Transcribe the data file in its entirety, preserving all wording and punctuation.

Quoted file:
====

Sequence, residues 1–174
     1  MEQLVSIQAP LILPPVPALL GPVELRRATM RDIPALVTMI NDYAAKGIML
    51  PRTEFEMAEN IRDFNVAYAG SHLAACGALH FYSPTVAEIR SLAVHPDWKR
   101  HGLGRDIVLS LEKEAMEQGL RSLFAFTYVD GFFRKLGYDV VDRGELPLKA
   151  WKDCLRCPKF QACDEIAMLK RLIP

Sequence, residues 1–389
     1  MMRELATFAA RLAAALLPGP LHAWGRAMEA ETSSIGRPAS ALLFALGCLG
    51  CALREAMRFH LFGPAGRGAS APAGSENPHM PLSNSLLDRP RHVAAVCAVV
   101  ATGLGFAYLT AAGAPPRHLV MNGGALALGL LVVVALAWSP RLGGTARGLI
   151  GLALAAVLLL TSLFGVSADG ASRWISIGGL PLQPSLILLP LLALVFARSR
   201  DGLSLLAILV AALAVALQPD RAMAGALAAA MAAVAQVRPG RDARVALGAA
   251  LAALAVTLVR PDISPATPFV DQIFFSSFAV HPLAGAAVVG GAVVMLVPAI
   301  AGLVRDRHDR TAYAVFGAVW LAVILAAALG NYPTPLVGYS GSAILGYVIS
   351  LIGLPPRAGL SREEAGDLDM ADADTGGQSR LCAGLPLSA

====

Sequence, residues 1–174
     1  MEQLVSIQAP LILPPVPALL GPVELRRATM RDIPALVTMI NDYAAKGIML
    51  PRTEFEMAEN IRDFNVAYAG SHLAACGALH FYSPTVAEIR SLAVHPDWKR
   101  HGLGRDIVLS LEKEAMEQGL RSLFAFTYVD GFFRKLGYDV VDRGELPLKA
   151  WKDCLRCPKF QACDEIAMLK RLIP

Sequence, residues 1–389
     1  MMRELATFAA RLAAALLPGP LHAWGRAMEA ETSSIGRPAS ALLFALGCLG
    51  CALREAMRFH LFGPAGRGAS APAGSENPHM PLSNSLLDRP RHVAAVCAVV
   101  ATGLGFAYLT AAGAPPRHLV MNGGALALGL LVVVALAWSP RLGGTARGLI
   151  GLALAAVLLL TSLFGVSADG ASRWISIGGL PLQPSLILLP LLALVFARSR
   201  DGLSLLAILV AALAVALQPD RAMAGALAAA MAAVAQVRPG RDARVALGAA
   251  LAALAVTLVR PDISPATPFV DQIFFSSFAV HPLAGAAVVG GAVVMLVPAI
   301  AGLVRDRHDR TAYAVFGAVW LAVILAAALG NYPTPLVGYS GSAILGYVIS
   351  LIGLPPRAGL SREEAGDLDM ADADTGGQSR LCAGLPLSA